Why habits?

A lot of the time in coaching we talk about introducing a new habit, building them around ones that already exist and designing our day in a certain way to create success.


Most of the time we try to introduce no more than three habits at once, as otherwise it becomes overwhelming and the likelihood of you sticking to them is slim. That doesn’t mean that you won’t work on the 12 habits you want to nail down over the course of six months to a year. What it means is, that some of them take greater priority, or will have a greater impact than others if you start them now.


How many times have you decided to start a new training programme, at a new gym, in a calorie deficit with a million new foods you can hardly say the name of, whilst also wanting to meditate daily, read a new book and win the skincare regime of a lifetime? All at the same time.


How did it go? Really well I imagine.


There’s a reason that when we work through our habits we start with only a few. It may look like this:

  • One that you’ve already got mostly nailed now - an easy win and encourager

  • One that won’t take too long to get in the rhythm of and has good carryover to help with other things you want to do

  • One that is likely to take a bit longer but when you’ve got it, it’ll have a big impact - a slow burner


If you pick three habits that are all going to be difficult, don’t really fit into your life and feel like you’re really overreaching to make them happen, you probably need to change them. Give yourself six weeks to solidify each habit before you make a change.


Tips to make habits easier:

  • What do you already do pretty regularly that you can tag a habit on to?

  • Morning coffee or tooth brushing - add on making your bed, or meditation in between

  • Walking the dog, getting the tube, or walking to work - add a podcast around a theme that interests you, or you want to learn more about

  • Evening TV watching - do a few stretches whilst you watch your shows

  • Don’t think about them as actions or chores, instead think about habits that take you closer to being the person you want to be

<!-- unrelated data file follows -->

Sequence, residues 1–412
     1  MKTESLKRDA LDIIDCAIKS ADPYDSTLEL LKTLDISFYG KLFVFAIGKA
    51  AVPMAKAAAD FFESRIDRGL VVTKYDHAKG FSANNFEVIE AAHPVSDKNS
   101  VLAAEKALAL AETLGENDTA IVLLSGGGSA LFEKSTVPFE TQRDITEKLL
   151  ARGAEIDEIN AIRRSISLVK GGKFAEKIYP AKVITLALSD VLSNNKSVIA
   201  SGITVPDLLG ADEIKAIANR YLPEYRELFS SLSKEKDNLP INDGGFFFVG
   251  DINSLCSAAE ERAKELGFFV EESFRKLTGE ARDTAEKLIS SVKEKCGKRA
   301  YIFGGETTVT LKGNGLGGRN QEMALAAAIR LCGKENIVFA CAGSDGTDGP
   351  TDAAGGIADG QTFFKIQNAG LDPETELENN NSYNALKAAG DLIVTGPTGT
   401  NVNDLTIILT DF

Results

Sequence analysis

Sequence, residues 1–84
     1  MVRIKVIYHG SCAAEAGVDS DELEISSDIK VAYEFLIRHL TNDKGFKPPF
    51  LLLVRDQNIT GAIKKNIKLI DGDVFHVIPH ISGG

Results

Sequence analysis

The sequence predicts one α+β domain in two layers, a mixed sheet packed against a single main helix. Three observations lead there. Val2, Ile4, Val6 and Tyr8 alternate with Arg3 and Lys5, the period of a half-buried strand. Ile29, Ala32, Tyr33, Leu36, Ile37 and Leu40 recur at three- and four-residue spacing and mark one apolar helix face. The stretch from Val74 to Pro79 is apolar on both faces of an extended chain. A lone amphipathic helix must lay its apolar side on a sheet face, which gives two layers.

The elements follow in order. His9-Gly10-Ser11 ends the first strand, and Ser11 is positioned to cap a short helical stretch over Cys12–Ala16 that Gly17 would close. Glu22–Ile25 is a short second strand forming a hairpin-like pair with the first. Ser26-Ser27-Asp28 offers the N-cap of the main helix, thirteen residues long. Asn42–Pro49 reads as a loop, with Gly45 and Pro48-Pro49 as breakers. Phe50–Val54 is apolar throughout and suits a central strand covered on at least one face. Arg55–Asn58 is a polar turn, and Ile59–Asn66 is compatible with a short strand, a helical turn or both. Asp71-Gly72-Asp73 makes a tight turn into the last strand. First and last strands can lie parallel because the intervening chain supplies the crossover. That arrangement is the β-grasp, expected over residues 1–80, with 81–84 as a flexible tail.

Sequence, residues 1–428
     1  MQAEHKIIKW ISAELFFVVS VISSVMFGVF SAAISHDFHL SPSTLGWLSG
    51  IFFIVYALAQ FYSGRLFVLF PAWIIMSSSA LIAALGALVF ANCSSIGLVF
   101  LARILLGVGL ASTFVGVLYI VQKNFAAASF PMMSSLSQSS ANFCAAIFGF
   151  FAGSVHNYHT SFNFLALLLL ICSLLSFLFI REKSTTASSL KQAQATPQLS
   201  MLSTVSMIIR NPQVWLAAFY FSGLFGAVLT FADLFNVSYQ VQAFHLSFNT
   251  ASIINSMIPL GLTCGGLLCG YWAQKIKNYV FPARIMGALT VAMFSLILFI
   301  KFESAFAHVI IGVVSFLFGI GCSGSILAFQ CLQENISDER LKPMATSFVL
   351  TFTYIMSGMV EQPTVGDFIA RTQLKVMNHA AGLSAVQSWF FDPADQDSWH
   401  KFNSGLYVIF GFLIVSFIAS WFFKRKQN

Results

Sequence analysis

• I want to be a more present person that can respond with ease and focus on the task at hand more effectively - meditation can help, or simply putting your phone down

  • It is important to me to be on top of current affairs so I feel more knowledgeable at work - I’ll listen to the news/a podcast/read a book to help with this

  • I want to be a calmer person - spending time looking after my body and mind with evening stretches/yoga will help me prioritise relaxation before bed and therefore not be unrested and irritable


As you can see, these are not always task-driven habits, instead, they are tied to qualities, personality traits or skills that are important as an individual. There is no right or wrong reason to do something, but it is extremely helpful to coordinate them with your values so you see the true benefit. Rather than, “oh yeah, this is just a good thing to do, I guess”.


A client I have recently been working with working on a few key habits:

  1. He found he had a sweet tooth early in the day, so he started drinking a pint of water each morning and noticed a huge difference - this habit is now well ingrained with clear evidence

  2. He had meditated in the past and wanted to make it a more regular habit again - on the days he did it, he found he was more focused at work, but often found it tricky to time right because of changing work schedule (pandemic office closures) and family commitments (looking after his son) but he enjoyed meditation with his favourite morning coffee a few days a week

  3. He wanted to improve his lifts in the gym and we could see limitation in mobility were holding him back, he also didn’t have a great sleep routine - so we worked on evening mobility before bed to relax and unwind, as well as improve his big lifts



Do any of these sound helpful for you?


Happy habit-ing, start with small steps and build from there!


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